The Government’s proposals require that a general practitioner be consulted by the doctors, who are empowered to certify that a risk to life exists. This, in effect, involves a third doctor in decision-making in relation to physical risk to life, and a fourth in the case of risk to life by suicide. What is completely ignored is a requirement for a woman’s consent. This surely is a violation of her rights and, furthermore, there is no precedent for such practice elsewhere in Irish law or medical practice.

ECHR scrutiny
The ECHR will not only be examining the proposed legislation in terms of provisions that might impose excessive delay, but also the procedures regarding risk to life which arises because of threat of suicide. The decision-making procedure regarding “risk of loss of life through self-destruction” are exceptionally onerous, requiring two psychiatrists and an obstetrician.

The Government’s Expert Group on Abortion’s report viewed the diagnosis of suicide intent as a routine process for psychiatrists. There is no justification for requiring a second psychiatrist when this does not occur when a pregnancy is not involved. Or for involving an obstetrician in making a decision about mental health.

The ECHR requires a framework to resolve differences of opinion between doctors or between a woman and her doctors. The heads of Bill, therefore, include an appeal procedure. However, the appeal procedure of up to 14 days involves unwarranted delay and could prevent women’s access to the most appropriate and timely treatment.

The ECHR considered that the existence of criminal penalties for having or assisting in an unlawful abortion constitutes a significant “chilling factor” for both women and their doctors. As it moves to examine the draft proposals on abortion, the Joint Oireachtas Committee on Health and Children must question whether the retention of severe criminal penalties is consistent with the State’s obligations under the European Convention on Human Rights, and international human rights law generally.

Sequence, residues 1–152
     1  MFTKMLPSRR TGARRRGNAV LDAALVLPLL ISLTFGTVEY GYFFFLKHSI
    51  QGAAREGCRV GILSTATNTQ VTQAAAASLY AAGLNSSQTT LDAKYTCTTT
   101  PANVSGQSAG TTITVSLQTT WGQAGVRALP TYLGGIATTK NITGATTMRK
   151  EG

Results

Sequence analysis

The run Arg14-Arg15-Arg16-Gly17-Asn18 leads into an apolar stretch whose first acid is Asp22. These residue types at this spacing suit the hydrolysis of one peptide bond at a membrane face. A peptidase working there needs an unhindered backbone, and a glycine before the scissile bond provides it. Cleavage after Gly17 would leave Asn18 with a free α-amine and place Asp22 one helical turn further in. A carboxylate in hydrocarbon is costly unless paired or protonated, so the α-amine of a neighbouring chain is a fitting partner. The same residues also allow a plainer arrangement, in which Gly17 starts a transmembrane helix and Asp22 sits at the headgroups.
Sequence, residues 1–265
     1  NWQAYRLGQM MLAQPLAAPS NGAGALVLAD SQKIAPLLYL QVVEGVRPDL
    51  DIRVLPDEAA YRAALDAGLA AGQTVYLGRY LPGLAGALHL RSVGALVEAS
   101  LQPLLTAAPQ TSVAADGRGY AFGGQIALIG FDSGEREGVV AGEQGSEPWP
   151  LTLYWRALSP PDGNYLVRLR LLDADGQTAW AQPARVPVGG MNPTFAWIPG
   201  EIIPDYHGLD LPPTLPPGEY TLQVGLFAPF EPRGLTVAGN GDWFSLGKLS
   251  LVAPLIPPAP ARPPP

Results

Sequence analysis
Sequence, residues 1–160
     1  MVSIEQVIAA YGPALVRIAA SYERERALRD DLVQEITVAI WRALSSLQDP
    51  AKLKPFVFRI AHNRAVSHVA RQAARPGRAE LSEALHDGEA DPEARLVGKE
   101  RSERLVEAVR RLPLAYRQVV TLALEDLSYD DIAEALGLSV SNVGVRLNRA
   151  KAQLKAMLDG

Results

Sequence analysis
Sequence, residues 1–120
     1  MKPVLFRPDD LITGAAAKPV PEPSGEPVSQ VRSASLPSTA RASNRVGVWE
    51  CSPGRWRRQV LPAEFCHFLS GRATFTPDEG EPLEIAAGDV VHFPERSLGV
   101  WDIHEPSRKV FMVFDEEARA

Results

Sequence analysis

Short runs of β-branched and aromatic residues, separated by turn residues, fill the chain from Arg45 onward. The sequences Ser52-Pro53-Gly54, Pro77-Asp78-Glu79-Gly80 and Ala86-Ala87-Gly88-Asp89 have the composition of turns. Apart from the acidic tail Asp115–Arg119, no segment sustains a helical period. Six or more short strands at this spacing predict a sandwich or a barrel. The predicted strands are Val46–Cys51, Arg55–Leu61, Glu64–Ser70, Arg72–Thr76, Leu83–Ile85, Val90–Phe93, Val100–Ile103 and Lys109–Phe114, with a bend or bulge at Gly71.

The inclusion of the very heavy maximum penalty of 14 years in prison will not only maintain, but substantially reinforce, the chilling effect.

Definition of unborn
The committee must reconsider the definition in the heads of Bill of “unborn” as “following implantation until such time as it has completely proceeded in a living state from the body of the woman”. The State argued before the ECHR in D v Ireland in 2006 that where there is no prospect of life outside the womb, a foetus may not be considered “unborn” for the purposes of article 40.3.3.

The new definition would seem to give equal protection to a non-viable foetus and to a woman, and thereby limit the scope of the Government to introduce measures to allow terminations in cases of severe foetal abnormality incompatible with life.

The committee – and indeed the wider Oireachtas – must ensure that the legislation when finally enacted is accessible, practical and effective.

Women whose lives are at risk during pregnancy require and deserve nothing less.

Niall Behan is chief executive of the Irish Family Planning Association